- Press Release
- June 7, 2023
Exoplanet Volatile Carbon Content as a Natural Pathway for Haze Formation
We explore terrestrial planet formation with a focus on the supply of solid-state organics as the main source of volatile carbon.
For the water-poor Earth, the water ice line, or ice sublimation front, within the planet-forming disk has long been a key focal point. We posit that the soot line, the location where solid-state organics are irreversibly destroyed, is also a key location within the disk.
The soot line is closer to the host star than the water snowline and overlaps with the location of the majority of detected exoplanets. In this work, we explore the ultimate atmospheric composition of a body that receives a major portion of its materials from the zone between the soot line and water ice line. We model a silicate-rich world with 0.1% and 1% carbon by mass with variable water content.
We show that as a result of geochemical equilibrium, the mantle of these planets would be rich in reduced carbon but have relatively low water (hydrogen) content. Outgassing would naturally yield the ingredients for haze production when exposed to stellar UV photons in the upper atmosphere.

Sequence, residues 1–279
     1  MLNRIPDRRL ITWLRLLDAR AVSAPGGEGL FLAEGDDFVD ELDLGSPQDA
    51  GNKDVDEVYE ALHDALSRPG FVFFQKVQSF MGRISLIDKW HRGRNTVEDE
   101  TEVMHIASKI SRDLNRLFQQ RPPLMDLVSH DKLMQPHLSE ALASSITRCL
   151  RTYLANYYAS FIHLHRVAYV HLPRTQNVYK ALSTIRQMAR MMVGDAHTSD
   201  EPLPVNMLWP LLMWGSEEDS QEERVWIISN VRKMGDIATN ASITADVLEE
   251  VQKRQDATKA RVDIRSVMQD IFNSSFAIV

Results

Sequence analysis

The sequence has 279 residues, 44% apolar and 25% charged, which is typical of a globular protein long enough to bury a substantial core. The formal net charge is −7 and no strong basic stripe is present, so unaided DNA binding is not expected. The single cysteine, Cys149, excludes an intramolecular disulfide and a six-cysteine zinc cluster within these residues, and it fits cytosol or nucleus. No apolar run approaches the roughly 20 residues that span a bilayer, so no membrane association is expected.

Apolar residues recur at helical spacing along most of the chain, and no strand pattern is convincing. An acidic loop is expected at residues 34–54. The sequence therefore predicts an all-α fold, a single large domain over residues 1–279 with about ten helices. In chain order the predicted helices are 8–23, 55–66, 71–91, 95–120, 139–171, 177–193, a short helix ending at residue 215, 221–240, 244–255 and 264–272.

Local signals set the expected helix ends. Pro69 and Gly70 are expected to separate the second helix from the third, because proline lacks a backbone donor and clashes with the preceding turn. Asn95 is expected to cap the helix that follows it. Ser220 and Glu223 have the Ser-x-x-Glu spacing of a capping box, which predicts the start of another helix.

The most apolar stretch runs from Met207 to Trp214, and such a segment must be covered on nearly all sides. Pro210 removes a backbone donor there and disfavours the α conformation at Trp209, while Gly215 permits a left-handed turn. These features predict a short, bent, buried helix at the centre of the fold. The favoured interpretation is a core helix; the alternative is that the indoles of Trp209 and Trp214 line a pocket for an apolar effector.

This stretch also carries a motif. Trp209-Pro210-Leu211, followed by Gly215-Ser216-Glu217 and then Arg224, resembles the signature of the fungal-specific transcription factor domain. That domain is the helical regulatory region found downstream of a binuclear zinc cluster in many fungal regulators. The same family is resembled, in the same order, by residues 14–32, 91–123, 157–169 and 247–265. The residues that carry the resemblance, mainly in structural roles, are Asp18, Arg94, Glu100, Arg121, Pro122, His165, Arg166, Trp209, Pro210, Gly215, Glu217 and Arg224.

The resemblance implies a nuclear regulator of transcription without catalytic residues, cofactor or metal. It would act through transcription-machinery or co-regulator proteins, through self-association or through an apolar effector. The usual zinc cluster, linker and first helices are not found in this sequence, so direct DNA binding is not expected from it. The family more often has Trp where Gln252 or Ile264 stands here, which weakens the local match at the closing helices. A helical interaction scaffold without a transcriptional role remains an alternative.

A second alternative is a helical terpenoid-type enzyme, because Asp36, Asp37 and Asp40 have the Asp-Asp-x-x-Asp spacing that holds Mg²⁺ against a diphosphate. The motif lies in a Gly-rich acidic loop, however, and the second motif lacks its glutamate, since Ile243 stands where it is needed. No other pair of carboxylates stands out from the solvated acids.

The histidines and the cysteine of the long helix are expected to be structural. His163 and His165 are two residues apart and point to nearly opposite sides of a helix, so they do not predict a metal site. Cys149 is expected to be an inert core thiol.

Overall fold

Obscuring atmospheric hazes appear common in the exoplanetary inventory based on the presence of often featureless transmission spectra (Kreidberg et al. 2014, Knutson et al. 2014, Libby-Roberts et al. 2020). Such hazes may be powered by the high volatile content of the underlying silicate-dominated mantle. Although this type of planet has no solar system counterpart, it should be common in the galaxy with potential impact on habitability.
E.A. Bergin, E. Kempton, M. Hirschmann, S.T. Bastelberger, D.J. Teal, G.A. Blake, F. Ciesla, J. Li
Comments: 15 pages, 6 figures, accepted by Astrophysical Journal Letters. ApJL version has 5 figures. We include an extra figure (Figure 6) in this submission which is an artist rendering of a young disk including the soot and water ice lines. Image Credit for Fig. 6: Ari Gea/SayoStudio
Subjects: Earth and Planetary Astrophysics (astro-ph.EP)
Cite as: arXiv:2305.05056 [astro-ph.EP] (or arXiv:2305.05056v1 [astro-ph.EP] for this version)
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From: Edwin A. Bergin
[v1] Mon, 8 May 2023 21:27:46 UTC (4,527 KB)